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What stops you from unleashing your potential at work?

One of the most common challenges at a workplace is to feel like you’re stuck without growing. There are either too many designations, and growth barely means anything. Or, there are too few designations and there is literally just one more person between you and the department head.


There are times when your professional growth is stunted because of your fear, because of hierarchy, or because you feel stuck with collaboration, or any other reason, for that matter.


However, if you look deeper, it’s usually a pattern. There are people who find it difficult to negotiate high-end business deals. There are others who are underconfident in the presence of supervisors, there are others who feel that their projects are always given to their colleagues. Some people feel like they are treated just like a secretary rather than a meaningful contributor in a meeting.


So there are endless reasons and endless manifestations of feeling powerless at work. However, if you deep dive, you will realize that usually these patterns emerge from very non-work aspects of your life. Either it’s people’s relationship with colleagues, with authority, with structure, with wealth, or their relationships. We often have unfulfilling relationships with work, career, money, family, friends etc. and that starts gradually manifesting in our relationships.


We are constantly at war with ourselves.

For instance, Rajan was an independent consultant with a think tank. The think tank was sponsored by a multi-billion-dollar company and Rajan reported directly to the CEO. However, he felt like he was never given any large project. His boss would tell him to not worry about anything and just go, conceptualize something exciting, new, impactful and run with it.


However, Rajan was always concerned about what if his idea failed? In truth Rajan was less concerned with failure and more with the monetary impact it would have. He did not see that he was working for a multi-billion-dollar company. He thought that he was being responsible for the wealth of the business. However, in truth, this relationship with wealth was also creating a constraint for him.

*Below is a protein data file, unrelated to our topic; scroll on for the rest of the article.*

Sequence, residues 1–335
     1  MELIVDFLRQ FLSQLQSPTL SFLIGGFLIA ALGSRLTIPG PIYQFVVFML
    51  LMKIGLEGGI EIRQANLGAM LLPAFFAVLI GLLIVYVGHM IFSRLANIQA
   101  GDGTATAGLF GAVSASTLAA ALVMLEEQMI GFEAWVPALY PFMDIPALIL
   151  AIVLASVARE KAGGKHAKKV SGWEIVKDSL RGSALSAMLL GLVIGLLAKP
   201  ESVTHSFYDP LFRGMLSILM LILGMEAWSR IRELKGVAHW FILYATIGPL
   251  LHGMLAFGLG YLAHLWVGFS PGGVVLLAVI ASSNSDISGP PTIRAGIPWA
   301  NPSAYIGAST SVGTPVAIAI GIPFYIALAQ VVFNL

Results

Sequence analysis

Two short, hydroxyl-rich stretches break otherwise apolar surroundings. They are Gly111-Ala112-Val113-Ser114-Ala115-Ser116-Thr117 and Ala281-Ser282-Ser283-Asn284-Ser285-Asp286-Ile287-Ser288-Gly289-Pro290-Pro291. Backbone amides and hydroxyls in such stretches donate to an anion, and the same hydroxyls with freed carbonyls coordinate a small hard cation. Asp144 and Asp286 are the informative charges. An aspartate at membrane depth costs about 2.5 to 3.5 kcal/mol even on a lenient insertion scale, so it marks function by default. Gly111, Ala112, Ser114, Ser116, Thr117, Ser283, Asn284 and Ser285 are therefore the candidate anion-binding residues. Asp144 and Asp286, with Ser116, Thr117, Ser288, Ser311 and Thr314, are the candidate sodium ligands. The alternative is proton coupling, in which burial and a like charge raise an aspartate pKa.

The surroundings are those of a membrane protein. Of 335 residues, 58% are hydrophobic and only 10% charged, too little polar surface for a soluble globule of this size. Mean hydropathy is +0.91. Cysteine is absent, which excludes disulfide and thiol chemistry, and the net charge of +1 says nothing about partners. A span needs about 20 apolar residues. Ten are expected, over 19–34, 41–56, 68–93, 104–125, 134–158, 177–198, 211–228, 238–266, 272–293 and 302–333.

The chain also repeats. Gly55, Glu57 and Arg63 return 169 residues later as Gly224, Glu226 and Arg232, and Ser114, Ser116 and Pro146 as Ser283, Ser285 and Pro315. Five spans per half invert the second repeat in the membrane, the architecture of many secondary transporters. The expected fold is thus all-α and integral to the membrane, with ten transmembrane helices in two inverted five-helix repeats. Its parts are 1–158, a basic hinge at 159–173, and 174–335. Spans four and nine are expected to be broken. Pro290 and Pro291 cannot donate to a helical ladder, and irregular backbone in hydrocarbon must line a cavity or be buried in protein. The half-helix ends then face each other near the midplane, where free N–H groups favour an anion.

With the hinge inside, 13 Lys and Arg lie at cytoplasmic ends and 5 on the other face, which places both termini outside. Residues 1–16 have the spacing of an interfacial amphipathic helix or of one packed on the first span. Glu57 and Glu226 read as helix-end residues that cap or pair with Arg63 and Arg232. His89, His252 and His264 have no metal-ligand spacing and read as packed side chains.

It stopped him from considering really impactful projects only because they might cost more. It stopped him from taking on extremely high-quality vendors because his context was set in their fee rather than their ability to deliver.


This would then result in high demands from mediocre vendors, conflicts between vendors and himself, delayed executions, and in fact, even with his boss. Whenever Rajan’s boss would tell him it’s OK to take the leap of faith, he’d wonder, how would he have to compensate if he failed.



It wasn't until his boss took time to know him and showed him one day that his diligence was his forte but it was also a constraint for him, in the context of his role at workplace.


Rajan’s pattern originated from the fact that when he was some 7 years old, some of his relatives had humiliated his father for not being as rich as they were. Rajan had overheard this and decided he would never let that happen to himself.


As a result, Rajan became extremely mindful of budgets, which in turn made him an unnecessarily tough negotiator, as well as someone who seem to not want to take on any thing big. Hence, on one hand, he became creative with cheaper solutions to any and every problem, on the other hand, he became risk averse. Since, this was a blind spot for Rajan, he didn’t even know how to address it.


He was fighting his own self.

It was his boss who took time to know him and accordingly show him this point of view. Also, because Rajan had heard his boss with an open mind, he could see what his boss could. Once that happened, Rajan’s relationship with work, his boss, vendors and clients totally transformed.


Now he drops this baggage, the minute he notices it. He doesn’t worry about finances, till he’s asked to reconsider something. He knows that to bother about money is his boss’ job. His job is to add value to the business and the lives of everyone he touches in the professional context.


The fact is, most of us have these blind spots. If you’re a boss, a mentor, a coach, how do you make your mentee aware of these? If someone shows you your blindspots, are you even open to them? What are your thoughts? What is it that stops you from unleashing your potential at your workplace? Share in a comment or write to us at more@thebeone.com.

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